We have long suspected that our Beti looked a little too frequently at her own nose and when we took her to a paediatric ophthalmologist, it turns out we were absolutely right! Some corrective eye surgery was in order. At our first post-op visit, the doctor grinned at us, “Well, everything’s fine now but she’ll never be a pilot!” Hums and I laughed along with him, thankful and relieved with the results.
Later in the evening, like a petulant child, I felt an irrational pang over my ten-month-old daughter’s lost dream, sighing, “She would’ve made a great pilot.”
A few weeks earlier, when Michael Phelps won his 21st medal and became the most decorated Olympian of all time, he had sparked a conversation in my home that I remembered the night I spent mournfully musing over the career trajectories of pilots. It is the same conversation Hums and I have when we watch any one around us achieve greatness in any of the multitude of interests and passions that people pursue in this wonderful world: What do we want for our children?
Did you, as you held your newborn baby, feel the awe of an unknown future? Did you whisper to your child: “Are you destined for great things? Are you going to be a champion swimmer, a renowned painter, a spiritual leader?”
As parents, we believe it’s our duty to give our children dreams of their infinite possibilities and capabilities. Carpe the heck out of every diem! You can do and be anything you want if only you believe.
I firmly believe in possibilities and hard work and I want my children to aim for the stars; but sometimes I wonder at the wisdom of that frame of mind. Does it make us ungrateful or unhappy with what we do end up doing? How can I, as a parent, help my kids balance dreaming big with living small and being happy? How to be content with things as they are, yet at the same time, not allow contentment of spirit to morph into laziness, lethargy or an indolent, passionless lifestyle?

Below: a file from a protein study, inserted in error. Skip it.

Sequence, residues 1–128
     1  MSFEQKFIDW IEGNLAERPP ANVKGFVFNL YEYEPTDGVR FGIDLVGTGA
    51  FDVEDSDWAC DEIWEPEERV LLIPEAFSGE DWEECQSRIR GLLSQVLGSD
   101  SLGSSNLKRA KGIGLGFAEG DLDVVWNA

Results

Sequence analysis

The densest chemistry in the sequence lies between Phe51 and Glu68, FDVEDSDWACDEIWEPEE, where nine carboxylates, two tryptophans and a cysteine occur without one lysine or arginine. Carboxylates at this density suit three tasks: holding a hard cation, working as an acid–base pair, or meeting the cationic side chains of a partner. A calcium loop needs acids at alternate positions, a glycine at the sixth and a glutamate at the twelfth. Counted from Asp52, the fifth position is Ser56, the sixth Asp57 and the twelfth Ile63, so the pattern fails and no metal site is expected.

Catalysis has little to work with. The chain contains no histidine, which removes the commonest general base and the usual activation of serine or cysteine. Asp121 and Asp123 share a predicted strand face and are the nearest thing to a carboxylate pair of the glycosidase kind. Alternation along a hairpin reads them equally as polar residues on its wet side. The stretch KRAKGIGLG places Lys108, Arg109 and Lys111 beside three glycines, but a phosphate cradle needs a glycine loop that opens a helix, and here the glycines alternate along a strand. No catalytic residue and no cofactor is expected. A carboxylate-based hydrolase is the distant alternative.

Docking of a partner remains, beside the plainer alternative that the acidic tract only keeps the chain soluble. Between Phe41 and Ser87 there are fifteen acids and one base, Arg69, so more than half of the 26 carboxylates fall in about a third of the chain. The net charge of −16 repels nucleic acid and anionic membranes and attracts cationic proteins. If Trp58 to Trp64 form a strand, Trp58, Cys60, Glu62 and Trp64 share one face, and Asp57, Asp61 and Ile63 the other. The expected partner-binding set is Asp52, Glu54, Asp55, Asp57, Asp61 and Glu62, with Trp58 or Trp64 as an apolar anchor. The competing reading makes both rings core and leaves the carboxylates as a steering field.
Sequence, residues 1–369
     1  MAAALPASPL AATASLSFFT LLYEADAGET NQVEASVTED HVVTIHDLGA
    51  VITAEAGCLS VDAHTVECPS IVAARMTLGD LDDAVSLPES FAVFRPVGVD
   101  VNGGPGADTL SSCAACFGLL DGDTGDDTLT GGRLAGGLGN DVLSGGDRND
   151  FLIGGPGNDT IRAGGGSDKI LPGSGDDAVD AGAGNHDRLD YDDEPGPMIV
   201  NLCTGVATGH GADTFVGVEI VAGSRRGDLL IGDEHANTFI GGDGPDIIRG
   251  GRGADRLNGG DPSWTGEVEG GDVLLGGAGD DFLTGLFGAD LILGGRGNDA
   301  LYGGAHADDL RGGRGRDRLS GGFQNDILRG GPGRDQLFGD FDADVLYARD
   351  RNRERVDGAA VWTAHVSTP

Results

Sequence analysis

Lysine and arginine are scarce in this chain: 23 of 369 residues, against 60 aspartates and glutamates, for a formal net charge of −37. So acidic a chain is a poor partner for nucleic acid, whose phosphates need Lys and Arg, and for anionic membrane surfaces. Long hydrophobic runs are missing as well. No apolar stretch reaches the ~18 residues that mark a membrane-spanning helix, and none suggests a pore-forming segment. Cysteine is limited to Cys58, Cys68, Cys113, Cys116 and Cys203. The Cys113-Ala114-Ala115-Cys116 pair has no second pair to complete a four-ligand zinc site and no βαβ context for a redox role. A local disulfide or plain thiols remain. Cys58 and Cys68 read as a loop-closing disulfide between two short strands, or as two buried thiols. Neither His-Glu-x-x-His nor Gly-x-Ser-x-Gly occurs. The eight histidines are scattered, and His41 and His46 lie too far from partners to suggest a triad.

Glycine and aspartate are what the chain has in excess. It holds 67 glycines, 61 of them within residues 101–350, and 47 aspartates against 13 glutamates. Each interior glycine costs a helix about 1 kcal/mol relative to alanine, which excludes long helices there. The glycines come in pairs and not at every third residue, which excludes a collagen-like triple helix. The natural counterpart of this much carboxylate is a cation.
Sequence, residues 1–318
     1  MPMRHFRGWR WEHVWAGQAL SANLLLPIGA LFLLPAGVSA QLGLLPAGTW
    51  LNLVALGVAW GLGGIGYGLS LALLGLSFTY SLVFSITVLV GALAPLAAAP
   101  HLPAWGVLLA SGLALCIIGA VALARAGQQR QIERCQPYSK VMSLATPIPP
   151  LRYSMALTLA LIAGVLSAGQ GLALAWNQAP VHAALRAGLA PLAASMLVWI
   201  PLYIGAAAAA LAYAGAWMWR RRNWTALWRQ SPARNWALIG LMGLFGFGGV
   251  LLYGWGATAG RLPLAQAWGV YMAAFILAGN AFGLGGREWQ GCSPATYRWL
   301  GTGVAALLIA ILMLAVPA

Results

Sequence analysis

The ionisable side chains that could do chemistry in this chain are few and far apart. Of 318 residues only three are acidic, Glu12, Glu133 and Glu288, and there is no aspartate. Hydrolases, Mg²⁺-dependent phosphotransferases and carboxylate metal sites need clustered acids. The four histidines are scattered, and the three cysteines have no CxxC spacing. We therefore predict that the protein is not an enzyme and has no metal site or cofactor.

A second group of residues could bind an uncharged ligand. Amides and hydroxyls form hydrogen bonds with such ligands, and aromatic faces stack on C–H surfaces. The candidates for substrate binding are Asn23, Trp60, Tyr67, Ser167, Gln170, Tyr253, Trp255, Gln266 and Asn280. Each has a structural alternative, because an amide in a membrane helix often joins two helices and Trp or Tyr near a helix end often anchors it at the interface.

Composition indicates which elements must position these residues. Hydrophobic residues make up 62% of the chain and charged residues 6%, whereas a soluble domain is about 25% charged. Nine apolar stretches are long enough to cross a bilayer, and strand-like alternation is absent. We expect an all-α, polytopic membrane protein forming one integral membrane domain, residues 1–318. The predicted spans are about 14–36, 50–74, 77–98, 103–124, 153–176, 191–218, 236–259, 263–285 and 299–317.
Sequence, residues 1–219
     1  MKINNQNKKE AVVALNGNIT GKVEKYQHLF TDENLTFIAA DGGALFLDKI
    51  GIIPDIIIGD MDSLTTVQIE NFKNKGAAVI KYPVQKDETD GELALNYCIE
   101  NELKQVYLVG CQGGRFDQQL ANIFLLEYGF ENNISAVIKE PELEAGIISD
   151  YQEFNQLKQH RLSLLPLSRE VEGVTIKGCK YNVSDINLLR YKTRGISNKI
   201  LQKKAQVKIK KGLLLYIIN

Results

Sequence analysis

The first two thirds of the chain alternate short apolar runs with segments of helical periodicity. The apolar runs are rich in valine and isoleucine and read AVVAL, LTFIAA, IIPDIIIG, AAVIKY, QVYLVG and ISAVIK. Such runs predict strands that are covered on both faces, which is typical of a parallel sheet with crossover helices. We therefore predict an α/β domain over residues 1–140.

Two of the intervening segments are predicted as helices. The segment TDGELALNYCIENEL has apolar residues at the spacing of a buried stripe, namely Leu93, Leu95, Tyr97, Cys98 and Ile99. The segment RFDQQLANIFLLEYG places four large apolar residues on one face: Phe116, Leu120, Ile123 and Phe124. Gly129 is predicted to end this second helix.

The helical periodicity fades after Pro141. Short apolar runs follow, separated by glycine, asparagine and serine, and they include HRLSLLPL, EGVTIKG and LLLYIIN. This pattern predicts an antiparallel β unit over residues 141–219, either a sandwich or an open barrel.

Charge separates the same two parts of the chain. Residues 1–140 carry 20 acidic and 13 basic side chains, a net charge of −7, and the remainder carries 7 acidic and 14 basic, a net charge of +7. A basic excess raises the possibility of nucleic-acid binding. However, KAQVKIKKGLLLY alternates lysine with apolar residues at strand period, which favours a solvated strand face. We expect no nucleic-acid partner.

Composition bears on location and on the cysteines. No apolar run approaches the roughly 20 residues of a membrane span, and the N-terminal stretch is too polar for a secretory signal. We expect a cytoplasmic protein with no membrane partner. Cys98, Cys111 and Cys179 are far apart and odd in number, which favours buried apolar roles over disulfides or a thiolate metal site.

I had always thought that by this age, I would be an established writer and the head of my own school. But there is no school and there is no manuscript filled with great works of staggering genius. Happily, there is also no regret. Every day I talk to my parents, give time to Beta and Beti, share a cup of tea with Hums, and read something. I pretend to do yoga, prepare food and try to keep up with the laundry, my skincare regimen and the news. If it doesn’t sound very grand, it’s because it isn’t.
I watch as all my peers discover that this will be their life. The women, putting their duties as wives and mothers first, and everything else second. The men, weighed down with the need to provide, trying to fathom how to pay the tuition fees for universities abroad, too busy getting by to remember their own dreams. Even those men and women with a great and desired career are still plagued with long hours of work, the banality of routine, the return home to a tired spouse and the dawning realisation that you may only do one or two things in your life that outlast you.
I would seriously love to spare my kids the mini-midlife crisis that comes from realising they probably won’t be the subject of an amazing biography, that their lives will likely be a series of little achievements than any one big bang. If I let echo in their hearts that they can do anything, one night they may sigh and think ‘Is this all there is?’ Will I have done my due diligence in preparing them for this world? Is there anything I can do to spare them that sigh?
How about I refuse to tell them that they can Be Anything they want to and instead tell them that they can Be Happy in any situation they choose? So that Hums and I give them a lifelong affection for life as it is — the exquisite privilege of some decades to fill? Because it’s in the extraordinary ordinariness of life that you catch glimpses of magic. In the divine opportunities to sit in the rain on a gorgeous September afternoon, to laugh so hard your sides hurt, to eat chaat with friends, to watch your mother play with your eye patch wali pirate daughter. To love and be loved, to build a marriage, to make a home, to raise a family, to live nobly and justly. To breathe in the body that was given to you, to use it well, and surrender it in the end. At which point, it won’t even matter that you didn’t become a pilot, even though, in a fit of contrariness, your crazy drama of a Mama suddenly really wanted you to.
Hiba Masood is a stay-at-home mother to 3-year-old Beta and 7-month-old Beti. Writing about parenting affords her time away from actually doing it.
Published in The Express Tribune, Ms T, September 16th, 2012.
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